May 20, 2007

Enemy Combatant

This past week, or has it been two, I finished Enemy Combatant- The Terrifying True Story of A Briton In Guantanamo by Moazzam Begg. Begg was one of the six Englishman held in the American Gulag, without trial, or even any charges brought against him for nearly three years. He spent two of those years in solitary confinement in a six by eight foot steel cage with no access to fresh air, sunlight, or other people.

His story is a harrowing tale of injustice, vengeance, and hypocrisy. He claims, “ It would have been funny if it hadn’t been so terrifying, being in the power of these people who actually believed their own fantasies.

Begg begins his book with a recap of his altogether normal childhood growing up as a second-generation Pakistani in Birmingham England. After an adolescences experimenting in a few gangs (apparently there was a lot of skinhead racism toward people if Asian decent in England. Imagine that!) he eventually started to seek out his roots and became a devout Muslim. His faith became politicize a bit as he start to work with several charities trying to help Muslims who were suffering from Bosnia, to Chechnya, to Afghanistan. This was all in a pre-911 era. To make a long story short, he moves his family to Afghanistan to help build a school. 911 happens he escapes the bombing, sets up house in Pakistan and a few weeks later he is captured in his house, taken to prison where he spent the next three years of his life with access to a lawyer, and without any charges against. After three years he is released still never charged and given no apology or compensation for his sentence.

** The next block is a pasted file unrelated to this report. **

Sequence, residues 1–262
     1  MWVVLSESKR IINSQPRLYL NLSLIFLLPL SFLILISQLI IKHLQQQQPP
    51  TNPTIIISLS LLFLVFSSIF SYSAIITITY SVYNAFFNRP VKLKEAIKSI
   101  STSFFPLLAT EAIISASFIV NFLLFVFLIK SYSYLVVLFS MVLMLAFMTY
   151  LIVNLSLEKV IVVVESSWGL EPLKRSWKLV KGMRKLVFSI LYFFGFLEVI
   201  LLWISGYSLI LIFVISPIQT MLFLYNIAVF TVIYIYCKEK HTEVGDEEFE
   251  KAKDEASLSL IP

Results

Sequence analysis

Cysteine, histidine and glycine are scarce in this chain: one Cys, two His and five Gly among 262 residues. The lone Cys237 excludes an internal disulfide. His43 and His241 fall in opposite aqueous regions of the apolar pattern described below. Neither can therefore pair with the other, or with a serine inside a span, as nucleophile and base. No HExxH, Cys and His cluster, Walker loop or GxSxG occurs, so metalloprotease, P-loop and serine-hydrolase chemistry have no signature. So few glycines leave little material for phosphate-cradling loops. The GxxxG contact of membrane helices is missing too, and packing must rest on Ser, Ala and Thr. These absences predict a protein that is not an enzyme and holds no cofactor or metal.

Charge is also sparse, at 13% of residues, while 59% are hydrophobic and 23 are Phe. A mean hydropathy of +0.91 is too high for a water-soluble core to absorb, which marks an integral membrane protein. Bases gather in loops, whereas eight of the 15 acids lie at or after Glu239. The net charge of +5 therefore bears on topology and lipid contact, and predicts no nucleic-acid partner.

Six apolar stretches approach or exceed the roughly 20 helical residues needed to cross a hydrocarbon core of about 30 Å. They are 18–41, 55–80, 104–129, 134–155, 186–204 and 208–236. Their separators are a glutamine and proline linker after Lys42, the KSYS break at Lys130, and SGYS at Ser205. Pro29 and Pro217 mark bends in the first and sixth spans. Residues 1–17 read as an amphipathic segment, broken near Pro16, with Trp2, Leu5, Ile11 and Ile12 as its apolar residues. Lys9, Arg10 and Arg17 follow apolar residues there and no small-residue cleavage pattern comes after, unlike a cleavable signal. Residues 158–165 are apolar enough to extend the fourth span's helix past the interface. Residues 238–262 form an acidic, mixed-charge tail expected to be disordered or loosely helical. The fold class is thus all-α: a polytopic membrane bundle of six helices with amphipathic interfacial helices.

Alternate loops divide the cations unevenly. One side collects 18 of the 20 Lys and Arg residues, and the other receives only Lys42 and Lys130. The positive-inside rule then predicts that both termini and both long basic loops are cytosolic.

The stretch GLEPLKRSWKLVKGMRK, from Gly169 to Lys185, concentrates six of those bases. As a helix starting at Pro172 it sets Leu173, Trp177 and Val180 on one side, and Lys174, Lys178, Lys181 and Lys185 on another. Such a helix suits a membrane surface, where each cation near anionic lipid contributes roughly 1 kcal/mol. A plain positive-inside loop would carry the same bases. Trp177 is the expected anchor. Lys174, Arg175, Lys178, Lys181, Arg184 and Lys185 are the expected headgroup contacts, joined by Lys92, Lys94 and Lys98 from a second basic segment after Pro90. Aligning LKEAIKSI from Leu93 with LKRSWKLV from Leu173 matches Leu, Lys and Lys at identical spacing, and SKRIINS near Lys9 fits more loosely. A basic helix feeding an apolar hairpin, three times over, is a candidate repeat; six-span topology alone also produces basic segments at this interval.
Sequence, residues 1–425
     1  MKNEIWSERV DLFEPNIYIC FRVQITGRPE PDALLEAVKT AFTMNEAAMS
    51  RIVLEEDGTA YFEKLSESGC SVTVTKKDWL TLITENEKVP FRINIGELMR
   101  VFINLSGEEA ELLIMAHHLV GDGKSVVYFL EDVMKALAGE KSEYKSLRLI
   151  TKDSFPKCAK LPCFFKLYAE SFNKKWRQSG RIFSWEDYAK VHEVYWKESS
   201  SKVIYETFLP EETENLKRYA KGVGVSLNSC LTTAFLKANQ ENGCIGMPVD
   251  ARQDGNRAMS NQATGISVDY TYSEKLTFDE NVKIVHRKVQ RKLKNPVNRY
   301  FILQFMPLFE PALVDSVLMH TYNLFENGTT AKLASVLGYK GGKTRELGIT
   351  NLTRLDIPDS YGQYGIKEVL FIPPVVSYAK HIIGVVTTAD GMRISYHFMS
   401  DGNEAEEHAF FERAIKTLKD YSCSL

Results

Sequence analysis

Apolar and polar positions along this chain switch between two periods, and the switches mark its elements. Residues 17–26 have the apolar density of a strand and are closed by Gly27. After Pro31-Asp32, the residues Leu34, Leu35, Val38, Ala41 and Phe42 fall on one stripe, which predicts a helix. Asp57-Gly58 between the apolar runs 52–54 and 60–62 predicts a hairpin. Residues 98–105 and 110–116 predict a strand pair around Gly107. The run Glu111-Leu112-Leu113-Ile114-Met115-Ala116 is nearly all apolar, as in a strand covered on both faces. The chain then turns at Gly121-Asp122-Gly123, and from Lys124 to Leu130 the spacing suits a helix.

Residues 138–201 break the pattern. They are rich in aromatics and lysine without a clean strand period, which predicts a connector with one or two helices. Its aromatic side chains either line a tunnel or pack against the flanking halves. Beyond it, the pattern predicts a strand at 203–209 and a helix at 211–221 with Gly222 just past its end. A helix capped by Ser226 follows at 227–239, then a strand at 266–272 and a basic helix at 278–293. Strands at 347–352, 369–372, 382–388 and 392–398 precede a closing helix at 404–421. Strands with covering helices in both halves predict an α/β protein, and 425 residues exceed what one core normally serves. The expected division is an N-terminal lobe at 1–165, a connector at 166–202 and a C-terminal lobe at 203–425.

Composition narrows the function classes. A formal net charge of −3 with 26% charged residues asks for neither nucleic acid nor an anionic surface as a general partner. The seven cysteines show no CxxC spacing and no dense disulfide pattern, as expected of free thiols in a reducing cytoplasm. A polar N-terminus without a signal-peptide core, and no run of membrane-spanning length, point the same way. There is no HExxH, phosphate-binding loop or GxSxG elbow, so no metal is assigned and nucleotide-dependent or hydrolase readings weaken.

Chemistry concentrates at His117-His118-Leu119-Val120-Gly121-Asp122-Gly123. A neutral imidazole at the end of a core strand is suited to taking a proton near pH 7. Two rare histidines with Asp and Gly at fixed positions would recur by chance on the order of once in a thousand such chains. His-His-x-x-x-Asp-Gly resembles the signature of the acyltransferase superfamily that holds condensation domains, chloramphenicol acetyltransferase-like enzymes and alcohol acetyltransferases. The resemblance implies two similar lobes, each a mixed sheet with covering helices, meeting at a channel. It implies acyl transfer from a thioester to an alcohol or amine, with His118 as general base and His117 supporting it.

Throughout the book, Begg has a unique perspective on what is happening to him because he can speak English. He often talks of the relationships he built with the young soldiers that where guarding him. He puts a very human face on such an inhumane predicament.

As always I have listed a few quotes that struck me as important. I would recommend this book to anyone who wants to look deeper into the War on Terror and the implications this type of ignorant justice will have on East West relations and common human decency.
I had begun to realize the power and rigidity of the US military system, and its ability to consume any individual.
We are not begging for clemency; we are not pleading for mercy. We are simply demanding justice. If someone has committed a crime, charge him, and put him through a transparent system of justice. But since it is my experience that that will never happen, return them to their loved one, compensate them, close Guantanamo and all the other black holes of detention.

Talking about military tribunals…how on earth was it possible for a soldier to defend me? A soldier who’d given his oath of allegiance to the United States of America, and to George Bush, the Commander-in-Chief, who had already labeled us as killers and terrorists?

The American public doesn’t care. And American public opinion is what counts.
They are still there, and according to Begg some are as young as thirteen, some as old as eighty, some are even mentally incompatent to know what is happening to them. This is a travesty and illegal. Begg quotes Malcolm X and I will leave you with it now:
I am not anti-American, and I did not come here to condemn America. I want to make that very clear. I came here to tell the truth and if the truth condemns America, then she stands condemned...

1 comment:

  1. Wow, sounds like a fantastic book. I will look for it here but as good lit can be hard to find, there is always Amazon :-) Cheers for the review - as always, your posts are inspiring and point me in a new direction for reading.